In an interview, Cady recalled informing the administrators that they had an ethical duty to inform DeAscentiis and her family about what Kurzweil had done. As Cady recalled, the administrators initially pledged to do so before Christmas. They did not follow through. Then, during the holiday break, Cady said, they told her they would not be informing the family.

Cady then decided to quit in protest. In a resignation letter Cady wrote of her shock that a teacher had “sabotaged” DeAscentiis’s chances at not only Penn, but also her second choice, Wellesley College.

“I have repeatedly recommended a course of action that placed the well-being of the student first and honored the integrity of this institution, including full disclosure to the student and her parents of the acts of this teacher,” Cady wrote. "Unfortunately, those recommendations of honesty, transparency, and accountability have been ignored or dismissed.”

click to enlarge Our Lady of Mercy School President Pam Baker, pictured in a recent yearbook.
  • Our Lady of Mercy School President Pam Baker, pictured in a recent yearbook.
It would only be a matter of time before word of what was going down would get back to DeAscentiis and her family.

Someone printed Cady’s letter and placed it in the mailboxes of Mercy staff. In response, the administration sent an email to the staff asking that each take their copy of Cady’s letter to the school’s human resources director and “slip it under her door.” The email did not address Cady’s allegations and blamed whoever printed the letter for fostering discord and division.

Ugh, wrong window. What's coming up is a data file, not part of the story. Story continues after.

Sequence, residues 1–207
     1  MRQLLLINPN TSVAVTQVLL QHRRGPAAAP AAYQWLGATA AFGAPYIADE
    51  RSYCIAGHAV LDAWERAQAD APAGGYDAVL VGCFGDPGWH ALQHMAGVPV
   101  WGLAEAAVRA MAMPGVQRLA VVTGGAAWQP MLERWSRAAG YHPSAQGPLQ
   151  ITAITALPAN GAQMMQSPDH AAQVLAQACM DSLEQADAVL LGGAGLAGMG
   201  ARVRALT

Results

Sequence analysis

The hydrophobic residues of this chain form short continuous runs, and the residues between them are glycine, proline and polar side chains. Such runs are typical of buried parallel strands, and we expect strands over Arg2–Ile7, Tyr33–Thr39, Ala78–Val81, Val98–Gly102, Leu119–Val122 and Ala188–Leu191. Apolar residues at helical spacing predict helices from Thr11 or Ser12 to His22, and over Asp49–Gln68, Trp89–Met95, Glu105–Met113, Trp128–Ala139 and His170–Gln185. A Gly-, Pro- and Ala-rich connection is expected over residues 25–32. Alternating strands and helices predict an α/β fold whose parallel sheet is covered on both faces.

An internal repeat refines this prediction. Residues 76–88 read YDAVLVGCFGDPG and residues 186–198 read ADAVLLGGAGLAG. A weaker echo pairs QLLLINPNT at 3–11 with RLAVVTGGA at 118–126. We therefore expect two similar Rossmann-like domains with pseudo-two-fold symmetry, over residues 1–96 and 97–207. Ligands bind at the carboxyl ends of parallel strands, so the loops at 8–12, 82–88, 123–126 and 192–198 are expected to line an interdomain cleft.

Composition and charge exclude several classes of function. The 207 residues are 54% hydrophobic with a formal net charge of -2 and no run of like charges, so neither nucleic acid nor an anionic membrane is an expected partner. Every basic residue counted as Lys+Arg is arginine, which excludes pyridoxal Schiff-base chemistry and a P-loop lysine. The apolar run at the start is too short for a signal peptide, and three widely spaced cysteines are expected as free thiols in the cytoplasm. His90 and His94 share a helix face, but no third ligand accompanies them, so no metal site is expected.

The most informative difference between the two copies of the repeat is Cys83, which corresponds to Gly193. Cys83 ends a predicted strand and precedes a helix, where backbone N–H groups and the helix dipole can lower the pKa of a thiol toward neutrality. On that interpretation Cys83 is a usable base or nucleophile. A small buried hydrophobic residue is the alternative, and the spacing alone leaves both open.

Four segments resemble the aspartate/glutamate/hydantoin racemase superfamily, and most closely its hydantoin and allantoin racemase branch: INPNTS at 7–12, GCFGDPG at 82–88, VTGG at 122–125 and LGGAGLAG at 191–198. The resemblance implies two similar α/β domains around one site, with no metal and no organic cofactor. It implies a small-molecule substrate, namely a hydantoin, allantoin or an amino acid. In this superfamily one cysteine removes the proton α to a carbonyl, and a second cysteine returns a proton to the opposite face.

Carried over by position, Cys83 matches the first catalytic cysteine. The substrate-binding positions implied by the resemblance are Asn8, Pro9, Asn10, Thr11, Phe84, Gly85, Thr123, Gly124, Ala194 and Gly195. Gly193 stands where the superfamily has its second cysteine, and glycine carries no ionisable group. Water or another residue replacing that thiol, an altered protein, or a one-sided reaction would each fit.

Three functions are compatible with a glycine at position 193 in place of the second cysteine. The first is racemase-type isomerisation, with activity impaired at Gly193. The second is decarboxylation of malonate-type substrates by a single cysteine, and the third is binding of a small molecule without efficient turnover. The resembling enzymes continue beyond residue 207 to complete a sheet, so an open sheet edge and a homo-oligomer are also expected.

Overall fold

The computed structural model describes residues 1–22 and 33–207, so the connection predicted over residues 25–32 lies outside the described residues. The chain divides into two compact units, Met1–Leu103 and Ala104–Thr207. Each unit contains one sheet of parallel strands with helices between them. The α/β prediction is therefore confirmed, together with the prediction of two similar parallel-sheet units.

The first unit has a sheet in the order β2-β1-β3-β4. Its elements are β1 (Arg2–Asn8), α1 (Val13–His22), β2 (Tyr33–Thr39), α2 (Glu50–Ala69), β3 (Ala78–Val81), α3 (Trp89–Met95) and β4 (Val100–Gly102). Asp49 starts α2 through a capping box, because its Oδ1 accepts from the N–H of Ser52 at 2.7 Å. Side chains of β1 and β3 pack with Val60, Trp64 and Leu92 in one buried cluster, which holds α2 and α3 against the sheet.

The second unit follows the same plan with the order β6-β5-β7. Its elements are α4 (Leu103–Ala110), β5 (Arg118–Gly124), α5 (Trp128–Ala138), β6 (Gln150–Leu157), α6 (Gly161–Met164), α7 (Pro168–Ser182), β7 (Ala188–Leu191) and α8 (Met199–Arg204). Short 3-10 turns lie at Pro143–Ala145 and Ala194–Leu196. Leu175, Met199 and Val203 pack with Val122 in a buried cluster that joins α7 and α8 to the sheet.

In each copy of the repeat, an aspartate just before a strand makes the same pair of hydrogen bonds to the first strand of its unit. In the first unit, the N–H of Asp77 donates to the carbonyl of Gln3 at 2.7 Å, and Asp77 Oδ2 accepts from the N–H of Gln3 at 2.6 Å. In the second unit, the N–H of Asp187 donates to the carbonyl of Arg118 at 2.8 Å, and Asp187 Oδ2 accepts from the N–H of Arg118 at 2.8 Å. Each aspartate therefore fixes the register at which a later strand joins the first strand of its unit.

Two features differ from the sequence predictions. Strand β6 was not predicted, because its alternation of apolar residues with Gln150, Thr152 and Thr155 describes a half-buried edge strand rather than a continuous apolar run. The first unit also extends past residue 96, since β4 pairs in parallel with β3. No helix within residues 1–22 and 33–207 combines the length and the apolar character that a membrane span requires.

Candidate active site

Kilbridge has since relocated to another school and efforts to reach him were unsuccessful. A Mercy spokesperson declined to make Baker or Kurzweil available for interviews. Responding to inquiries related to this story, Baker sent a note to staff instructing them to stay quiet, saying the key issue at play is “confidentiality.” 

AN EMAIL FLUB

DeAscentiis and her family believe the root of this entire affair lies in an email flub.

“I’m not good with technology,” DeAscentiis said during an interview.

In October, as DeAscentiis recalled, Kurzweil had instructed her to attend an afternoon meeting for the literary magazine. DeAscentiis had made plans to mentor a younger student that day, and informed Kurzweil that they needed to choose a different time. DeAscentiis said that Kurzweil, whom she cast as a tough-but-effective teacher who taught her a lot, then canceled her mentoring session and demanded she show up to the magazine meeting.

DeAscentiis attended, but recalled the meeting being frosty. The next day, Kurzweil sent DeAscentiis an email that DeAscentiis considered condescending. The email began, “Sometimes an editor needs to be more than a little flexible with schedules . . . as you experienced yesterday.”